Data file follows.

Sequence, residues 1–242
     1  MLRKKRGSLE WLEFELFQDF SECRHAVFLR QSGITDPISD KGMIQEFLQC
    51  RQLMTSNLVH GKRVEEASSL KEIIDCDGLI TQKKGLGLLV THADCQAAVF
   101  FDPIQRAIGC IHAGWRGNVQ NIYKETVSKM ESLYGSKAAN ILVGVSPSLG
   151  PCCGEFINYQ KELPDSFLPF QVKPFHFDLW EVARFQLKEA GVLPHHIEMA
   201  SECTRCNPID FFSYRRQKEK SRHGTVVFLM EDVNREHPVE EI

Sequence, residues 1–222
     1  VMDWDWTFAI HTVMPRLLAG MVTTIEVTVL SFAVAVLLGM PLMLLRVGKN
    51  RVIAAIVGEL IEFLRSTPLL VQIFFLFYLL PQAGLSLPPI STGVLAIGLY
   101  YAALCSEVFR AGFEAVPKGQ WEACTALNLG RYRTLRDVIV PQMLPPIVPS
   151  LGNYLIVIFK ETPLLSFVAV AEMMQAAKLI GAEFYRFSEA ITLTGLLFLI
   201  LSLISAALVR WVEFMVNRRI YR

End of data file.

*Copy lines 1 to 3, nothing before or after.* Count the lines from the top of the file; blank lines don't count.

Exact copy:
Sequence, residues 1–242
     1  MLRKKRGSLE WLEFELFQDF SECRHAVFLR QSGITDPISD KGMIQEFLQC
    51  RQLMTSNLVH GKRVEEASSL KEIIDCDGLI TQKKGLGLLV THADCQAAVF